American National Security


Block I:            Foundational Concepts and Principles

Block II:           National Security Strategy

Block III:          Instruments and Actors

Block IV:         Orchestrating the Instruments of National Power

Block V:           Practical Application

Block VI:         Reforms

Block I

Foundational Concepts and Principles

I.A. Security primer

This block introduces (or reviews) the concepts and principles of international relations theory and then challenges those principles with the effects of globalization. It then goes from the general to the specific by examining American traditions and predilections.

I.B. Globalization and challenges to the geostrategic calculation

I.C. War and American democracy

Block II

National Security Strategy

II.A. The meaning of national security strategy

The meaning of national security strategy is provided before presenting the 8 variations of the Cold War containment strategy, the post-Cold War strategic alternatives, and the strategies of the post-Cold War administrations. A small number of strategic options are also introduced.

II.B. Cold War national security strategies

II.C. Post-Cold War national security strategies

Block III

Instruments and Actors

III.A. The instruments of national power

This block first presents the somewhat abstract idea of instruments of power and then turns to the departments and agencies of the executive branch that actually wield the instruments. The relevant congressional committees are identified. The war powers of the executive and legislative branches are presented including historical examples.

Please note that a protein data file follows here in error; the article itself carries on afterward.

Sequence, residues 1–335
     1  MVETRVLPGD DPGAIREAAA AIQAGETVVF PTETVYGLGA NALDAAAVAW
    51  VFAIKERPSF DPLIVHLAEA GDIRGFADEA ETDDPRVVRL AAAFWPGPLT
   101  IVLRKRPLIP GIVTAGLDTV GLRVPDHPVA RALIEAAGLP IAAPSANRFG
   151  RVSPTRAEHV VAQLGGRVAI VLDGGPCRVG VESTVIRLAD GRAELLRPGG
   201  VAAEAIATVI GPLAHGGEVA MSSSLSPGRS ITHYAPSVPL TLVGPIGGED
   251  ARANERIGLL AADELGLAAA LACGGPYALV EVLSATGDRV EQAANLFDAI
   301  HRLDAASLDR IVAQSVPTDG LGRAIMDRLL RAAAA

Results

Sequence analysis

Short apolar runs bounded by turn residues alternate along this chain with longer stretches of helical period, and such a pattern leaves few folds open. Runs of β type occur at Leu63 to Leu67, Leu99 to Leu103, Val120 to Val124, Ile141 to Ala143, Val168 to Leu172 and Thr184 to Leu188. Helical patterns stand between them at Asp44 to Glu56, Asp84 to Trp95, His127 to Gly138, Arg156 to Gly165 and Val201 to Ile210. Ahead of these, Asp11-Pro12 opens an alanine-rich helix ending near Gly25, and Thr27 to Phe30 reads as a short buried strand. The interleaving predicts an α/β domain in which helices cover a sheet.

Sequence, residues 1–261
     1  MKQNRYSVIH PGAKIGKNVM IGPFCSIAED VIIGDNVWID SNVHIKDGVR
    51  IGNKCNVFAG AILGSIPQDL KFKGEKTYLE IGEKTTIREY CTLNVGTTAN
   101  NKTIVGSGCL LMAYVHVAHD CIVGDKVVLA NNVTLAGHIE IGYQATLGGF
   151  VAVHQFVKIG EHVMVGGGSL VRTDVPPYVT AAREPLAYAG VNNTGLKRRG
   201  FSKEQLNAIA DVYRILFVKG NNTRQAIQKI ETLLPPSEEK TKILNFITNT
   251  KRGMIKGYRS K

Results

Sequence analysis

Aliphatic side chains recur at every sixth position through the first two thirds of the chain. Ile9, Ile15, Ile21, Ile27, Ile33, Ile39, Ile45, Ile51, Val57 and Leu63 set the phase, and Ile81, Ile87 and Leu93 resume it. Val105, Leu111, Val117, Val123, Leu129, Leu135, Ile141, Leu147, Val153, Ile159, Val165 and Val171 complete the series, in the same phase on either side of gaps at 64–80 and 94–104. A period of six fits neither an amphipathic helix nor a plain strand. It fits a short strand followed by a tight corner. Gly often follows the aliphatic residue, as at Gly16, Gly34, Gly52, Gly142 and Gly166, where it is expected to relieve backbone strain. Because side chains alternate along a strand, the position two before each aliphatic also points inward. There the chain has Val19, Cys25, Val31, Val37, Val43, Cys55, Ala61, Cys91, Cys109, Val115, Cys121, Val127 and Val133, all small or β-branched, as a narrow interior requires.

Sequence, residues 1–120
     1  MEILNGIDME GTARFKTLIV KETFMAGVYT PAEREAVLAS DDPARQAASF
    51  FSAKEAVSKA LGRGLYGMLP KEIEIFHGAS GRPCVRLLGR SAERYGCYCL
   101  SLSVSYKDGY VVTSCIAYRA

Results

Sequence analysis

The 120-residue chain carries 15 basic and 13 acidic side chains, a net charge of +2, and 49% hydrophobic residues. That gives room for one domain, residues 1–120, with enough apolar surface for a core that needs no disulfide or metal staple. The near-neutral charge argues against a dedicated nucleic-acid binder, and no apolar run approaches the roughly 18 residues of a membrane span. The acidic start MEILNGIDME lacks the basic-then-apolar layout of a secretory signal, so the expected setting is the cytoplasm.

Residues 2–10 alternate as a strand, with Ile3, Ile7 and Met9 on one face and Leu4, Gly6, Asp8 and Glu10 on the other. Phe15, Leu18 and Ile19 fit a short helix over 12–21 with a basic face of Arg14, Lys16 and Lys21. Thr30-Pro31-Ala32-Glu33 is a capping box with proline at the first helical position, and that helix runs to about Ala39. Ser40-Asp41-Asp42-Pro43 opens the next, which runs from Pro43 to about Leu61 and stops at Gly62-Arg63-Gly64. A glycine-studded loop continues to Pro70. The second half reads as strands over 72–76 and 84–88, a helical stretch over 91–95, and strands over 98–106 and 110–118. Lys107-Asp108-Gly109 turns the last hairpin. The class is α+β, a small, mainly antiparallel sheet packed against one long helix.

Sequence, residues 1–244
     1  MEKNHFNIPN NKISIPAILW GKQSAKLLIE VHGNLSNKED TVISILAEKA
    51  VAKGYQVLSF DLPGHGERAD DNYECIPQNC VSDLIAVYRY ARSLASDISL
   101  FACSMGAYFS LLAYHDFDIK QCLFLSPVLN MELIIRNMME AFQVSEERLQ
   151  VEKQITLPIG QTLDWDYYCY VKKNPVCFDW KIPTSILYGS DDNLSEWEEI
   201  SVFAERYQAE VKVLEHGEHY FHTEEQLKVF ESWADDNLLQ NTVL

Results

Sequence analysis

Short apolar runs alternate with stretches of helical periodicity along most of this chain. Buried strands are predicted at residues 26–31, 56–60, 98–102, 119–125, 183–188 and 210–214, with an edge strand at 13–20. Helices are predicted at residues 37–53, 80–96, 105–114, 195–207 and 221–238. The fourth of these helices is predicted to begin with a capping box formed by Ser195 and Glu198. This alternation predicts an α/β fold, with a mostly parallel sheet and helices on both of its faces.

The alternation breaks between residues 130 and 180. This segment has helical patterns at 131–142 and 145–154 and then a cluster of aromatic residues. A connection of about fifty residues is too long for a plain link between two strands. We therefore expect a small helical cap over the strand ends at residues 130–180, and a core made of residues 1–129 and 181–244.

III.B. The departments and agencies

III.C. Congressional committees

III.D. War Powers

Block IV

Orchestrating the Instruments of National Power

IV.A. The National Security Council

We now turn to the problem of orchestrating all the instruments of power. The National Security Council is the highest level organization charged with integrating responsibilities. Each administration’s NSC is reviewed to identify what works and what doesn’t. Other lower-level structures used from Vietnam to Iraq and Afghanistan are also discussed.

IV.B. The Overseas Internal Defense Policy

IV.C. Provincial Reconstruction Teams

IV.D. Combatant Commands

Block V

Practical Application

V.A. Practicum A: Roles and Missions

First, students produce a policy statement defining the roles and missions of the departments and agencies. Second, students are presented with an intelligence briefing on a realistic situation. In small groups, students consider options and propose solutions, first in a planning exercise, and then again when a crisis erupts.

V.B. Practicum B: Somalia

Planning exercise

Crisis response exercise

V.C. Practicum C: Formosa Strait

Planning exercise

Crisis response exercise

V.D. Review

Block VI

Reform of the National Security Apparatus for the 21st Century

VI.A. Achieving a stable national security strategy

There is considerable evidence that the U.S. national security apparatus, designed for great power war, is inadequate to the needs of the 21st century. Current efforts in Washington, D.C. to reform the system are presented in this block of instruction.

VI.B. A new division of labor across the departments and agencies

VI.C. Career development for national security professionals

Return to Top of Page

Return to Class Home Page